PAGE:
How to boost your immune system with Zinc

What is zinc?

Zinc is a natural element that must be consumed in our diets as our body is unable to make it. Zinc is found in highest amounts in animal products but is also present in nuts, seeds and whole grains.

Inadequate intake of zinc is not uncommon, particularly in vegetarians and vegans and up to 10% of the UK population have a zinc deficiency, depending on the age and gender [2]. Being deficient in zinc may detrimentally affect your nervous system, gastrointestinal system, skeletal system, reproductive system and the immune system.

Will zinc help my immune system?

There are several ways in which zinc helps the immune system. Zinc helps the healthy development and function of immune cells including macrophages, neutrophils and B and T cells that help our body’s response to pathogens. For instance, researchers from Florida found that zinc supplementation helps increase the activation of T cells which are the cells responsible for killing pathogens [3]. 

Interestingly, zinc also has a role in a feedback loop to prevent the immune response from overreacting to foreign bodies like viruses. Research by Ohio State University found that zinc also dampens the immune response to keep it in check [4]. Without enough zinc, inflammation may increase to the point where it is harmful rather than helpful.

Given the roles of zinc, it is unsurprising that zinc deficiency reduces your body’s ability to fight off infections. Pneumonia, a severe infection of the lungs, is associated with zinc deficiency in both young children [5] and the elderly [1]. 

A randomised controlled trial has indicated that zinc supplementation may help reduce infections, including the common cold. Published in the Journal of Infectious Diseases, the trial showed that taking zinc lozenges during a bout of the common cold decreased the severity and duration of symptoms such as coughing [6].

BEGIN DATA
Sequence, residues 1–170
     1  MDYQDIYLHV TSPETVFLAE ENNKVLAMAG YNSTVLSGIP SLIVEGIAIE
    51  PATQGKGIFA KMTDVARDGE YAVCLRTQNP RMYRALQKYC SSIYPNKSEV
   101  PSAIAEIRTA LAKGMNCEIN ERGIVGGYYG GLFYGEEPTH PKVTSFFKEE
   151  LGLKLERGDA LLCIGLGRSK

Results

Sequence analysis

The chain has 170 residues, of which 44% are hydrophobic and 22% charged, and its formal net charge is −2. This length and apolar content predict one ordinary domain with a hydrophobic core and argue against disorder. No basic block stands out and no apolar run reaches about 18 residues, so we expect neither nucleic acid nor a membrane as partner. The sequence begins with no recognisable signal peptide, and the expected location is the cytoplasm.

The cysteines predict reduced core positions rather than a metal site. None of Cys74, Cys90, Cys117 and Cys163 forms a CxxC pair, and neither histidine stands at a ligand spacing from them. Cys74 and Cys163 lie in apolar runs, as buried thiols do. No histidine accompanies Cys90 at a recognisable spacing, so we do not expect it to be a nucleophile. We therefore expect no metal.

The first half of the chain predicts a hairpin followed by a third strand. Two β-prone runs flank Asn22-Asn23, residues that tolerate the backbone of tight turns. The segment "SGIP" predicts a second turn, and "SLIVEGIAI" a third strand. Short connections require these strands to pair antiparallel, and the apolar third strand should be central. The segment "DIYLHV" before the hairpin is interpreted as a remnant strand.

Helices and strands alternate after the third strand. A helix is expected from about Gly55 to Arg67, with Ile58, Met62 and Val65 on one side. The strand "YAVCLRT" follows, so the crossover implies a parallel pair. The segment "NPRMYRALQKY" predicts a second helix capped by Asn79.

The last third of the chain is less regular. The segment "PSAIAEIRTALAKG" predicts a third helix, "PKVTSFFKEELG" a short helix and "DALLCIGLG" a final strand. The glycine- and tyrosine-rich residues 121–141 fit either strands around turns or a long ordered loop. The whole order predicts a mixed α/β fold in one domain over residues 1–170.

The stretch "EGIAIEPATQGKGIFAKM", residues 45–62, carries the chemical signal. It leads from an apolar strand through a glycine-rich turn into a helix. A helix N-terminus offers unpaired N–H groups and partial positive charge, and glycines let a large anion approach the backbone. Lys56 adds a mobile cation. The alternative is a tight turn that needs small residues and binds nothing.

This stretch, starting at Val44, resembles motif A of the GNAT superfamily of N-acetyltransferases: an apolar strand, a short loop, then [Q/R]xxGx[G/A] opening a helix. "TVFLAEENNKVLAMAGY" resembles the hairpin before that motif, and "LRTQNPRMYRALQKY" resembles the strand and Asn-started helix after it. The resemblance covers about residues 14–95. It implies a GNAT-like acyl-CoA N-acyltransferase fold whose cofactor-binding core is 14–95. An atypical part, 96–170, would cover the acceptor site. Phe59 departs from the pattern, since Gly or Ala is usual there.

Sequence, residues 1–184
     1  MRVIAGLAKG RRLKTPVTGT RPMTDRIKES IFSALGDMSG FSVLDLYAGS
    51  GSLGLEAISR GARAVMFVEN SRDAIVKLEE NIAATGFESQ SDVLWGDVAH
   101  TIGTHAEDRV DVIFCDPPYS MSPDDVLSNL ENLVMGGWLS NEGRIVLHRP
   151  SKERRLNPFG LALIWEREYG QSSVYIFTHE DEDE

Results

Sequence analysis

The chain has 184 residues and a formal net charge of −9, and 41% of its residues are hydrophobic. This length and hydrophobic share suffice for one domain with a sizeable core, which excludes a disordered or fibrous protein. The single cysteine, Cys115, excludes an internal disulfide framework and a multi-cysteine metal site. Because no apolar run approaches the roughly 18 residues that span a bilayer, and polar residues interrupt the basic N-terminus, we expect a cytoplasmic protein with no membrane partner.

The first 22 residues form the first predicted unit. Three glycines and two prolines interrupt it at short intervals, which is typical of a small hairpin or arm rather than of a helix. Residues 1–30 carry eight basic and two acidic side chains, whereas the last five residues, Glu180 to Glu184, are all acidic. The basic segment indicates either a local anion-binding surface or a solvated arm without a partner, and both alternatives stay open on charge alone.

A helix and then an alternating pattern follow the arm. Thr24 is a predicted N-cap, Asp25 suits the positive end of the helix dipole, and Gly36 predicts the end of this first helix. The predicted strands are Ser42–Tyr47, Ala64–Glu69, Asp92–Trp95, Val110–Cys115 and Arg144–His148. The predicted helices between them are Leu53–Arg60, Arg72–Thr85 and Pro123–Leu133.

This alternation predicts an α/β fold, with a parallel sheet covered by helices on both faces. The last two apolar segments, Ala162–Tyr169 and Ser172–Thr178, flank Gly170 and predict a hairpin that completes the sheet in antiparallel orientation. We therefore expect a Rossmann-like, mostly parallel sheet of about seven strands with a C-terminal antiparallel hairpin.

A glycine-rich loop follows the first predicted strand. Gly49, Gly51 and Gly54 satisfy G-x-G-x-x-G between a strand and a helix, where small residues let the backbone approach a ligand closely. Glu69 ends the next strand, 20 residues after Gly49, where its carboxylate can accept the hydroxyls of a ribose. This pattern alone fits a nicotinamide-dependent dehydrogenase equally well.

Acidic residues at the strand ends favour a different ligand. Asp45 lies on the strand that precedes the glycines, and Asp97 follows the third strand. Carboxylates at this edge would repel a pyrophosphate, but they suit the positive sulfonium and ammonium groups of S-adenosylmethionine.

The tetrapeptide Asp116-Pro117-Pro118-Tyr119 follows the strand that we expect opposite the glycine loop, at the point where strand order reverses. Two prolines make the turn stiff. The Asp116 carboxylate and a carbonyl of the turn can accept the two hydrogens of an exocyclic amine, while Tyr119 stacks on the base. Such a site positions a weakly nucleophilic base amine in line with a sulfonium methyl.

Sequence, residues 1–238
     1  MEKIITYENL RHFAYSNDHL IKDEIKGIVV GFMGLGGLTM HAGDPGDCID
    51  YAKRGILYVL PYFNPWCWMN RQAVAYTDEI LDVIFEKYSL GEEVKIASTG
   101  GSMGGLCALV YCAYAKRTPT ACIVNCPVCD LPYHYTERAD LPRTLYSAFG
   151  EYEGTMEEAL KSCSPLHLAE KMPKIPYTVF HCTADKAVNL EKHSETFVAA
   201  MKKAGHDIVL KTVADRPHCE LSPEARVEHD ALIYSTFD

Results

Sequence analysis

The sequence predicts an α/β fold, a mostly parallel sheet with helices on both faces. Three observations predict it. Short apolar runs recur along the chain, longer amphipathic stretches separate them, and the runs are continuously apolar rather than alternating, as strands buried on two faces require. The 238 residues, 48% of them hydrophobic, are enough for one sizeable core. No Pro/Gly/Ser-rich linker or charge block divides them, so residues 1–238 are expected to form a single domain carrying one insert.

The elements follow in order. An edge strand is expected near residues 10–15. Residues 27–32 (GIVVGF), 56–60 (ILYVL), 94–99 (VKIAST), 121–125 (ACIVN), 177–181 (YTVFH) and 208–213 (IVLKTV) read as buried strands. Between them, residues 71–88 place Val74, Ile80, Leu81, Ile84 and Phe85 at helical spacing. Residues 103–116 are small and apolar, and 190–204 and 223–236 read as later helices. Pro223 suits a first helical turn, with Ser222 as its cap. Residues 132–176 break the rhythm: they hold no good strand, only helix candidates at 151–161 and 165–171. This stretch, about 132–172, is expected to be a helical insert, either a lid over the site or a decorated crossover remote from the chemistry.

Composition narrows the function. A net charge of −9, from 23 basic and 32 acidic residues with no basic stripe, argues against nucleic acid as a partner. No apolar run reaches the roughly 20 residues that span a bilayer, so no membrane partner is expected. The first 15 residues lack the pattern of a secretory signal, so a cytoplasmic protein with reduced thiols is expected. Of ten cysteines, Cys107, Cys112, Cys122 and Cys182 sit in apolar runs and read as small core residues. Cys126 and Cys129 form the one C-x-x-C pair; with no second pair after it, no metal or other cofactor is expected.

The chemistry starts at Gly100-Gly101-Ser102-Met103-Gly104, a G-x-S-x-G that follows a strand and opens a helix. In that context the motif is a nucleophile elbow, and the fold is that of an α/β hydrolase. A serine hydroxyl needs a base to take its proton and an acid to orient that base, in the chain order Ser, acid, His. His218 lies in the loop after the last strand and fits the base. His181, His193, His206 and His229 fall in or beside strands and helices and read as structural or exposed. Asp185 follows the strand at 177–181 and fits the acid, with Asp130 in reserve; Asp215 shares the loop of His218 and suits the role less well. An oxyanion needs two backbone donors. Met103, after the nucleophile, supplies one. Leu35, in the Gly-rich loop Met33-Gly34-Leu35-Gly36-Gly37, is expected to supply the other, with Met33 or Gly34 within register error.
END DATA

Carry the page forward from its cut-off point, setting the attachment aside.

Zinc clearly has a vital role in immune function. To understand whether your immune system needs more zinc, you should check your levels of zinc in the body.

The best way to check you have healthy levels of zinc is by a simple finger-prick blood test. Order our home diagnosis kit today for fast results

We also have a wide range of tests to check your body is healthy and has sufficient levels of vitamins and minerals. Check out our health checks today at 


1.    Barnett, J. B., Hamer, D. H. & Meydani, S. N. Low zinc status: A new risk factor for pneumonia in the elderly? Nutrition Reviews (2010) doi:10.1111/j.1753-4887.2009.00253.x.
2.    Derbyshire, E. Micronutrient Intakes of British Adults Across Mid-Life: A Secondary Analysis of the UK National Diet and Nutrition Survey. Front. Nutr. (2018) doi:10.3389/fnut.2018.00055.
3.    Aydemir, T. B., Liuzzi, J. P., McClellan, S. & Cousins, R. J. Zinc transporter ZIP8 (SLC39A8) and zinc influence IFN-γ expression in activated human T cells. J. Leukoc. Biol. (2009) doi:10.1189/jlb.1208759.
4.    Liu, M. J. et al. ZIP8 Regulates Host Defense through Zinc-Mediated Inhibition of NF-κB. Cell Rep. (2013) doi:10.1016/j.celrep.2013.01.009.
5.    Lassi, Z. S., Moin, A. & Bhutta, Z. A. Zinc supplementation for the prevention of pneumonia in children aged 2 months to 59 months. Cochrane Database of Systematic Reviews (2016) doi:10.1002/14651858.CD005978.pub3.
6.    Prasad, A. S., Beck, F. W. J., Bao, B., Snell, D. & Fitzgerald, J. T. Duration and Severity of Symptoms and Levels of Plasma Interleukin-1 Receptor Antagonist, Soluble Tumor Necrosis Factor Receptor, and Adhesion Molecules in Patients with Common Cold Treated with Zinc Acetate. J. Infect. Dis. (2008) doi:10.1086/528803.

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